Optionally, the above method may be practiced wherein the retrieved data is stored contiguously in a system memory space of the memory. Optionally, the above method may be practiced wherein the desired data is a contiguous block of data within a system memory space of the memory. The desired data may be an asynchronous transfer mode (ATM) cell and/or the total memory bandwidth may be 64 bytes.

In accordance with at least one embodiment of the present invention, a method may be performed comprising the step of accessing within one memory access operation a plurality of storage devices such that a first portion of the plurality of storage devices is accessed at a first hardware memory address and a second portion of the plurality of storage devices is accessed at a second hardware memory address adjacent to the first hardware memory address. Optionally, the above method may be practiced wherein the plurality of storage devices are separate storage devices provided with respectively separate address buses. Optionally, the above method may be practiced wherein the plurality of storage devices are implemented within a larger storage device, the larger storage device comprising an input to select an addressing mode and, even more particularly, wherein the addressing mode allows selection of different hardware memory addresses among the plurality of storage devices for a same memory access operation.

In accordance with at least one embodiment of the present invention, a system may be provided comprising a first storage device, a second storage device, and a processor. In such a system, the processor is coupled to the first storage device and to the second storage device. The processor is configured to access within one memory access operation, a first hardware memory address of the first storage device and a second hardware memory address of the second storage device, the second hardware memory address being adjacent to the first hardware memory address.

Optionally, the above system may be practiced wherein the first storage device and the second storage device are separate storage devices provided with respectively separate address buses. Optionally, the above system may be practiced wherein the first storage device and the second storage device are implemented within a larger storage device, the larger storage device comprising an input to select an addressing mode. In such a case, the system may be practiced wherein the addressing mode allows selection of different hardware memory addresses among the first storage device and the second storage device for a same memory access operation.

In accordance with at least one embodiment of the present invention, a memory system may be practiced comprising a plurality of memory banks accessible via a plurality of modes of access to allow selection among a plurality of predefined memory access starting points, wherein the predefined memory access starting points occur at intervals of less than a total memory bandwidth. Optionally, such a memory system may be practiced wherein the plurality of memory banks are accessible via burst access. Optionally, such a memory system may be practiced wherein the total memory bandwidth is equal to the burst size.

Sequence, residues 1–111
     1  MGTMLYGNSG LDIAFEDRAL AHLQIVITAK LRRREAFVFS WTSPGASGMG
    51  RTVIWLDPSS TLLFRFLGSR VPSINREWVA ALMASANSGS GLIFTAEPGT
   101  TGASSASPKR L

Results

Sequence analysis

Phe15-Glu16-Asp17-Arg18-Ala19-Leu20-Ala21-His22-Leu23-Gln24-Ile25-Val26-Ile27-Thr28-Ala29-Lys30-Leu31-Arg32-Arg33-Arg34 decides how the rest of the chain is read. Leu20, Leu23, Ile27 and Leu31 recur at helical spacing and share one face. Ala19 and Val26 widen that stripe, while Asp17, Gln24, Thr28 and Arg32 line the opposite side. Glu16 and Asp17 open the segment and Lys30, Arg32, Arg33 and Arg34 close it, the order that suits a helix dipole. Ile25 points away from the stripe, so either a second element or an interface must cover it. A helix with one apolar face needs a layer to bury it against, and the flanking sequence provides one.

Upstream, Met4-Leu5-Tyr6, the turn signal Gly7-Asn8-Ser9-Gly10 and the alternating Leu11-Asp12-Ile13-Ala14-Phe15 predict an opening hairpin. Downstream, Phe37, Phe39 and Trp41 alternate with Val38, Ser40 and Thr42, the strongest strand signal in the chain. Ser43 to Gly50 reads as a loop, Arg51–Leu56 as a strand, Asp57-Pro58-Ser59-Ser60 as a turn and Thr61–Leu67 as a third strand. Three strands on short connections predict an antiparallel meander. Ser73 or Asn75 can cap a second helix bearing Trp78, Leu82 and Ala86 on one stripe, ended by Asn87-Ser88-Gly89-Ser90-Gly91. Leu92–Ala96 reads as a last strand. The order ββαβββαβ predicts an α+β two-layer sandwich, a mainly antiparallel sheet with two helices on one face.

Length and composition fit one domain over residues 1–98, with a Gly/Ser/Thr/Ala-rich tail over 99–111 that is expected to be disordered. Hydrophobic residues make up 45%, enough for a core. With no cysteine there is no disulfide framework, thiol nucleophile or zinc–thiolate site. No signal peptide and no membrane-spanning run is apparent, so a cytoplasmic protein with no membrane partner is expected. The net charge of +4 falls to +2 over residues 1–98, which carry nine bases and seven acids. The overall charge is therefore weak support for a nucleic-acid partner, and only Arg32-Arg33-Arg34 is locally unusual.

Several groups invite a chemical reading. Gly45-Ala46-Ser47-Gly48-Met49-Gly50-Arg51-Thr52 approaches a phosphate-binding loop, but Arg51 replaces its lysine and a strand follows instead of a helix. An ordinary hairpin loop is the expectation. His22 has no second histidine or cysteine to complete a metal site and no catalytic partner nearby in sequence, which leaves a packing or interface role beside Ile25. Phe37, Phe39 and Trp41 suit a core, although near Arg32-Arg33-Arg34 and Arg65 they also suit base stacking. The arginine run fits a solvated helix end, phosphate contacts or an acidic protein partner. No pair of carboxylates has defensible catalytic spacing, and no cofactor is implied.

As yet another option, the above memory system may be practiced wherein the predefined memory access starting points occur in the memory banks as a function of a size of a desired data block to be accessed. Optionally, the above memory system may be practiced wherein the amount of desired data is stored contiguously within a system memory address space of the memory system. In some cases, the amount of desired data may be an asynchronous transfer mode (ATM) cell. Optionally, the above memory system may be practiced wherein the predefined memory access starting points occur in the memory banks at intervals of the total memory bandwidth divided by a number of the intervals containing an amount of desired data, wherein the number of the intervals is equal to an integer portion of one plus the total memory bandwidth divided by a quantity equal to the total memory bandwidth minus the amount of desired data needed plus one.

Thus, a method and apparatus for allocation of a data structure across multiple storage devices has been presented. Although the invention has been described using certain specific examples, it will be apparent to those skilled in the art that the invention is not limited to these few examples. Other embodiments utilizing the inventive features of the invention will be apparent to those skilled in the art, and are encompassed herein.

Referenced by
Citing PatentFiling datePublication dateApplicantTitle
US7707328 *Nov 3, 2005Apr 27, 2010Panasonic CorporationMemory access control circuit
Classifications
U.S. Classification711/201, 711/170
International ClassificationG06F12/04, H04Q11/04, H04L12/56
Cooperative ClassificationH04L2012/5665, H04L12/5601, H04L49/901, H04L2012/5681, H04L49/108, G06F12/04, H04L2012/5685, H04L2012/5679, H04L2012/5652, H04L49/90
European ClassificationH04L49/90C, H04L49/10F1D, H04L49/90, G06F12/04, H04L12/56A
Legal Events
DateCodeEventDescription
Oct 22, 2003ASAssignment
Owner name: ALCATEL, FRANCE
Free format text: ASSIGNMENT OF ASSIGNORS INTEREST;ASSIGNOR:ROBOTHAM, ROBERT ELLIOTT;REEL/FRAME:014639/0308
Effective date: 20031020